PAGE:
“How can you resign from a job in both silence and good conscience, if it means that people in need will only remain in greater need?”

Question: I am a Social Worker who took an oath to protect the people I serve. For years now I have been doing my best to do that, but for years I have also been constantly “beating my head against the bureaucracy.”

Sadly, I have reached the conclusion that, in order to preserve my health and sanity, I only have a choice of either (a) leaving, or (b) pretending I do not see the incompetence, the uncaring, and the absence of accountability of my colleagues that, together, prevent my clients from being helped as they should be. I just can’t stick my head in the sand; I really must leave.

However, every article I have read about resigning recommends “Don’t say anything negative.” When I do resign, should I be honest about why I am leaving? Should I say anything after I leave? If I do say something, should it be anonymously?

Name Withheld
Santa Rosa, California

Answer: Overall, the answer to your very difficult dilemma is quite simple: Sometimes you have to take care of yourself before you can take care of others. So, first, take care of you.

My suggestion is that, if possible, you stay on your job until you can find a new one. If that’s not possible, I suggest you resign, and then seek a new job. Your resignation need not include a reason for your leaving. You can always deal with that later. There is no law, rule or regulation that says you cannot say or write, “I am going to wait until I feel the time is right to advise you – the people who run this agency, and those who fund this agency – of my reasons for leaving. If you want to register your voice regarding the sorry state of affairs at your agency, it would be far better to do it when it is “safe” for you to do so.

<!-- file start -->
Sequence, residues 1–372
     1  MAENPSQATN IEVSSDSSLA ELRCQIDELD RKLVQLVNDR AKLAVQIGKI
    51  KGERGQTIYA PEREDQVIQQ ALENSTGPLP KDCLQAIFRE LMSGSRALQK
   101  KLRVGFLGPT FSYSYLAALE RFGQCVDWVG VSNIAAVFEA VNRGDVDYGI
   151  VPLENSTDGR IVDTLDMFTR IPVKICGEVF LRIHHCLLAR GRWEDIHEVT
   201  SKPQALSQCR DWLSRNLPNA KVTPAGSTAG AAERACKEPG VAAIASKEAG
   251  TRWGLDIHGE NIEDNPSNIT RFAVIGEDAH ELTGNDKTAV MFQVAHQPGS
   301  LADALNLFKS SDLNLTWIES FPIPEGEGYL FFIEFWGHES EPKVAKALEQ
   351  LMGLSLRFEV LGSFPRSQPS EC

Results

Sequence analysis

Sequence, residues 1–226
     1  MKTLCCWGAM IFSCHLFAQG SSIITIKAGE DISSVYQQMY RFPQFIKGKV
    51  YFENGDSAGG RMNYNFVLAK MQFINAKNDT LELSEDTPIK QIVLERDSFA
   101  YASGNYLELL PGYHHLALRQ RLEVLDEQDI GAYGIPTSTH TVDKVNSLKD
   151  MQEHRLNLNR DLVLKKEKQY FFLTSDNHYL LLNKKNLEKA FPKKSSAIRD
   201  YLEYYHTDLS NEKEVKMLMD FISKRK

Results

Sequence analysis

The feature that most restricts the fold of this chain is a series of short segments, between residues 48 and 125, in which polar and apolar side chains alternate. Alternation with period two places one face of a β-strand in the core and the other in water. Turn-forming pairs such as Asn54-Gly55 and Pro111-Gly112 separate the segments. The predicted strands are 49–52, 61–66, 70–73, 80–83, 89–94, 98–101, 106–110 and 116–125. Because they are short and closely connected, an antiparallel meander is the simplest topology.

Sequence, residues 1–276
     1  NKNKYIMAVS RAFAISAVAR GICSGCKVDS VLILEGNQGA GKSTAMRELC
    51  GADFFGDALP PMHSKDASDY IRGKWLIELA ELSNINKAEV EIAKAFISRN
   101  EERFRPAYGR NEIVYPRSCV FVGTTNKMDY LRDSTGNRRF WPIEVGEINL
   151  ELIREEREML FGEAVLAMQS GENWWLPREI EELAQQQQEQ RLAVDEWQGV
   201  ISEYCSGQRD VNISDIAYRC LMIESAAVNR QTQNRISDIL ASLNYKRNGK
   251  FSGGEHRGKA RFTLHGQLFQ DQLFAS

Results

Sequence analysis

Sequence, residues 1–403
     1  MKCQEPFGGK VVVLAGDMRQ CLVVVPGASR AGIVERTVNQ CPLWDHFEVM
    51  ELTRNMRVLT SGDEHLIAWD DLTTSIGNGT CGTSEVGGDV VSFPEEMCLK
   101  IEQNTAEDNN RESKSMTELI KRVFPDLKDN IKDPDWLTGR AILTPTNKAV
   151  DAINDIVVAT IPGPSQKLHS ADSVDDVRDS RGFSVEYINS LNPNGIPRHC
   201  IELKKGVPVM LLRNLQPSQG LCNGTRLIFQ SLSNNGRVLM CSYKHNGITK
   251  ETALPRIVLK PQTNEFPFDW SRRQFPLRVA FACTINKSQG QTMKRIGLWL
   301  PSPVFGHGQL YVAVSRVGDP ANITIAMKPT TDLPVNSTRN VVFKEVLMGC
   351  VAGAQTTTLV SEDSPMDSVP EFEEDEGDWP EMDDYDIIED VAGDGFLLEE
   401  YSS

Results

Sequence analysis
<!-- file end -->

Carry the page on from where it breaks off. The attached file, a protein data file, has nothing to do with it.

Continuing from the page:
If you do later share your thoughts, feelings and frustrations, do so in writing, with passion but without poison, with compassion but while maintaining your composure, with conviction but without contentiousness. Remember that no one can hear your voice through a closed door: the way you say things can stop, or stimulate, people hearing your message. You might want to do it anonymously, but your message will be that much more powerful if not anonymous.

Be careful, though, not to defame anyone (defined as a false statement of fact that harms reputation), or violate any rule about confidentiality, both of which could get you in legal “hot water.”

The world surely needs more people like you, who care, and who work each and every day helping those in our community who need help. But, first and foremost, you need to take care of yourself, to your best ability. I hope these thoughts help you do so.

Keep the faith, and don’t ever lose your courage to care.

Al Sklover

© 2009 Alan L. Sklover, All Rights Reserved.

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